Before telling the stories that are found in my book, I thought I would share a bit about my journey of discovery of the narratives of Christian Perfection among the early Methodist people. Witnesses of Perfect Love is primarily research I completed at Regent College. I didn’t set out to write on narrative, or even about the lesser known early Methodist people. My journey began with questions about the Methodist doctrine of Christian Perfection. Questions about what exactly John Wesley taught, and why his teaching seemed so foreign today — even in churches who claim the Wesleyan tradition. As I began to read the theology and John Wesley’s arguments I became more confused. Wesley said many things, in many different context over serval decades about the doctrine of Christian Perfection, and his comments don’t appear to be consistent. I couldn’t help but think that there must be more going on during this time period than I was grasping.
Then one question led me out of the fog. Since Wesley himself did not claim to have experienced Christian Perfection, is there anyone else I could investigate that did claim Perfection? What do they have to say about the experience, rather than the theology? This question led me to the narrative of William Hunter, then his intriguing story led me to seek out others.
I fully intended to address my original questions, but as I dug deeper and talked to others about what I was finding (or rather the people I was discovering) it became clear that the stories of early Methodist Perfection was central to understanding the ideas. The people who held to these beliefs were essential to understanding the ideas themselves. I see now that my attempt to take the idea of Christian Perfection out of its eighteenth-century context of the narratives, led to my confusion.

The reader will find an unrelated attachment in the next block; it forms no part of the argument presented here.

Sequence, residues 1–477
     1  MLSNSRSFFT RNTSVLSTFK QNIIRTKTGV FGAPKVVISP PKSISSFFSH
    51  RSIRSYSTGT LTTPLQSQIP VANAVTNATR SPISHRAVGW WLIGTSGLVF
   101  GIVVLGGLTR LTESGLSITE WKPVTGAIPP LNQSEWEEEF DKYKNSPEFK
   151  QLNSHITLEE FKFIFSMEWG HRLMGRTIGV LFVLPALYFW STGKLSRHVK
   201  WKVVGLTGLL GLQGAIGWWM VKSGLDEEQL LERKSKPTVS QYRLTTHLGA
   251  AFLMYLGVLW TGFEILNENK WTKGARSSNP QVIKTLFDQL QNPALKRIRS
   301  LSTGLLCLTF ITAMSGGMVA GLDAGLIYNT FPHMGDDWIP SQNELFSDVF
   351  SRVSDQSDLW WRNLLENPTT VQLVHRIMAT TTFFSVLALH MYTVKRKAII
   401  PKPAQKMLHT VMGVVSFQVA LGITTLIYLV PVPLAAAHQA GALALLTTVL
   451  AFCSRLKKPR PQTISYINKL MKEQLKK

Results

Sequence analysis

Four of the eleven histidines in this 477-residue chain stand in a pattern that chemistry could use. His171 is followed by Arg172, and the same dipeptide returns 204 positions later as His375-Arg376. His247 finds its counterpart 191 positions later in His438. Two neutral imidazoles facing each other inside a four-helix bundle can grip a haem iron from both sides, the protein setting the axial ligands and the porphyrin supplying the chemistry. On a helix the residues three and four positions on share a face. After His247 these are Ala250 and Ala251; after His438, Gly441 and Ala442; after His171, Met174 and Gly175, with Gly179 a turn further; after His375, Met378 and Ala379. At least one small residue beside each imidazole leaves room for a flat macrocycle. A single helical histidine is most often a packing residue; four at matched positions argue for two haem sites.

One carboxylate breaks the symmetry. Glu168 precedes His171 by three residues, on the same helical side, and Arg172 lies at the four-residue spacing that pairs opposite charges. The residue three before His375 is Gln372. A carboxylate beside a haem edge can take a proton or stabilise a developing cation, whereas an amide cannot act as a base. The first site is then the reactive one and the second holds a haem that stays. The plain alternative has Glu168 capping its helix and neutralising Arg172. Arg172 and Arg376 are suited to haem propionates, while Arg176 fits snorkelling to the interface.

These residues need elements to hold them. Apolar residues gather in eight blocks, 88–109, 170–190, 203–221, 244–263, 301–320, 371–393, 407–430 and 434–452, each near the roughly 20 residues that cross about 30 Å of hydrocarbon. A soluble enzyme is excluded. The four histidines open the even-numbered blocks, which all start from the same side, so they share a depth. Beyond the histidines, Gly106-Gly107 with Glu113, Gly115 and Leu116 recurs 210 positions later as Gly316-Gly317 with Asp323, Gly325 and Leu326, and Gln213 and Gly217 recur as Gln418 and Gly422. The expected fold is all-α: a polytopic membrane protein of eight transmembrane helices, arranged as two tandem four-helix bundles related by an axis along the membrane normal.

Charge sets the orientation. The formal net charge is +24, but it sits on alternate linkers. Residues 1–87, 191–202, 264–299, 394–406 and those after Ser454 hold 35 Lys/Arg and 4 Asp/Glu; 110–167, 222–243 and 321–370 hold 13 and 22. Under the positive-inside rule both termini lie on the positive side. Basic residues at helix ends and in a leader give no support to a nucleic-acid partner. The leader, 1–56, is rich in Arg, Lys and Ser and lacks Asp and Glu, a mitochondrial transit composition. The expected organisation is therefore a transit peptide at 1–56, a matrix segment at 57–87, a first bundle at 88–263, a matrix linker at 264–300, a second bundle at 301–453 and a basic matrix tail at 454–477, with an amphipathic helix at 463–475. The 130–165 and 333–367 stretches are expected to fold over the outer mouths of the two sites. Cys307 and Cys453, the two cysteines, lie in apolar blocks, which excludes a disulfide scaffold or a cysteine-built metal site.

As I think back on the journey of writing this book, it is the people I encountered in history that stick out. I discovered a letter written from Sarah Crosby to John Wesley, where she is reflecting on her own experiences to talk about the doctrine of Christian Perfection — narrative theology though before that jargon existed. In my research notes I recorded the content of the letter then I wrote: “is there more of the story in writing?” Highlighting it in red so I would come back to it. I did indeed find more to Sarah Crosby’s story (more on that in a later blog post) and I fell in love with Sarah’s spunkiness. She shared her experience and opinions, even when it meant correcting John Wesley or telling him she found his sermon dull.
I discovered Bathsheba Hall while on a research trip to Duke University. I was using my time to dig through their set of the Arminian Magazine the periodical that Wesley himself published. I had found a few nice tidbits, but then in the January 1781 edition I discovered the beginning of the journal of Bathsheba Hall. I was particularly struck by the story Hall tells about reading her spiritual experience to a friend, who promptly fainted and woke up to say she had encountered God herself. What was going on in this woman’s life? I just wanted to know more! My memory of reading her account is vivid in my memory event 4 years later. As I sat in that library reading room I was taken outside of myself and into her story. I wish I had a picture of her, all I have his a photo of the reading room where we first met.
Stories have so much power to express more than just an idea of theology. The stories of real people hold layers and layers of truth that speak evocatively to how we live out the Christian life. How we think and talk about God. I was able to discover these particular stories, and I want to share them with a broader audience than the handful of people who have read my academic writing. Stay tuned for more on Sarah Crosby, George Clark, William Hunter, Bathsheba Hall, and possible others, too!